The Winds of Homecoming: Transforming Loss and Loneliness into Solitude

By Christopher Goodchild. Christian Alternative Books, 2021. 168 pages. $16.95/paperback; $7.99/eBook.

Christopher Goodchild is on the autism spectrum, which contributed to his horrendous childhood and youth. This book is not about these givens but explores what Goodchild has managed to do with them. The aching loneliness, insecurity, and fear fed by years of ridicule and disparagement for being “different” and unwanted have slowly been transmuted. He has tackled the difficult work of facing those inner demons of loss and loneliness: learning to acknowledge, welcome, and befriend them. By facing these broken, jagged shards of ourselves and grieving the losses, we can begin to know our own deeper, authentic self that is held in love and God’s grace. He discovers and invites us to see that much of the spiritual life is about letting go—letting go of the illusions about ourselves, others, and the world. Our “true identity is that of God and [our] challenge is to affirm this deeper reality within the drama of being human.”

The book is written in the second person. Goodchild addresses himself—or rather his larger more spiritually mature self counsels his smaller frightened self—and thus us. Occasionally what he addresses is far from my own experience, but frequently I can take what he says and acknowledge its truth and helpfulness—for me. He does not serve platitudes but gems mined from his own living and deep reflection. He never preaches; he walks with us, and in his vulnerability helps us as he helps himself. It is a book to read slowly, to savor, to put down and allow the message to take root. Already I find myself returning to it: to reread and ponder anew.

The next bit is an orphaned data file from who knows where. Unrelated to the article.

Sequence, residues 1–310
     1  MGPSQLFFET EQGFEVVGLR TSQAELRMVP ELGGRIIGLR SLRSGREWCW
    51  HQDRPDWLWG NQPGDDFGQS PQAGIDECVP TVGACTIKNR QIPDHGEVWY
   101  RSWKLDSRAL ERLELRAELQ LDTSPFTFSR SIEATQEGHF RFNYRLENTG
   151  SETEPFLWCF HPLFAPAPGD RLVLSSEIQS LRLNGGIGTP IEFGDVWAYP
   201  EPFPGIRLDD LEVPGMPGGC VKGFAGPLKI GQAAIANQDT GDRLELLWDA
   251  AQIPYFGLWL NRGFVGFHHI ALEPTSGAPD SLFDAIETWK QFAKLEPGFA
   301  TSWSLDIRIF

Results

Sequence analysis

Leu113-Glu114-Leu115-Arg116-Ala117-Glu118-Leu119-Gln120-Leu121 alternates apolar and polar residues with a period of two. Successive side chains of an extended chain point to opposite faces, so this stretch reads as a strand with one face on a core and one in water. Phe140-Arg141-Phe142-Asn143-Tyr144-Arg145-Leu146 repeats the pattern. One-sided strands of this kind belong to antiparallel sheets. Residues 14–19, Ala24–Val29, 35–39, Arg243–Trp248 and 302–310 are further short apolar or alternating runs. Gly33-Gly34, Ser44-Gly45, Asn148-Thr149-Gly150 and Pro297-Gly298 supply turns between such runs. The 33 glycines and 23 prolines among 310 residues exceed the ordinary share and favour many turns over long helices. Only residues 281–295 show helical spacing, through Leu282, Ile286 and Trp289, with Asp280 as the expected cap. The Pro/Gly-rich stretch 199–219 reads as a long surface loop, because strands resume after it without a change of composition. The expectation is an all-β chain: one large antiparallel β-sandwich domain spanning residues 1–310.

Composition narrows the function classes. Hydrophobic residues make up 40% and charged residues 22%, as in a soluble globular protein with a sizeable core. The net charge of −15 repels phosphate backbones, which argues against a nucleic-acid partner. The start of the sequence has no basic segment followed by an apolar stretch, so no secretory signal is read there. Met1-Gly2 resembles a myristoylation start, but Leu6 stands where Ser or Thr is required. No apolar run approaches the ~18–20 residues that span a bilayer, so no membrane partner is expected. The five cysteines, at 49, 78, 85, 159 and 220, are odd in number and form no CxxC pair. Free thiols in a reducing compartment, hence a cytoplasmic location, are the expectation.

Goodchild is a Friend with a deep interest in Buddhist psychology, Eastern philosophy, and the Christian contemplative tradition. He is also an Ignatian-trained spiritual director, a teacher of the Alexander Technique, and a facilitator of Contemplative Spirituality courses. All of these have aided his own growth as he uses them to help others.

This slim book consists of 50 short essays, meditations almost, about a page and a half each. Goodchild writes lyrically; it is a pleasure to savor his language. One of his favorite words is “tenderly.” He quotes the Bible and other authors freely: especially Rainer Maria Rilke but also Isaac Penington, Rumi, Thich Nhat Hanh, Cynthia Bourgeault, William Blake, Thomas Merton, and many more. The book includes bibliographical information on the many references.

He concludes with the following:

Befriending loss and loneliness has enabled me to integrate the light and dark elements within myself, enabling me to cross that abyss which separated me from my own personal suffering and the suffering of the world.

A deeper faith has grown in me through the purifying fire of grief. A faith that cannot so much be questioned but lived. And at the centre of this faith is love.

May each of us grow into such wisdom, tenderness, and love.

Marty Grundy is a member of Wellesley (Mass.) Meeting, New England Yearly Meeting.

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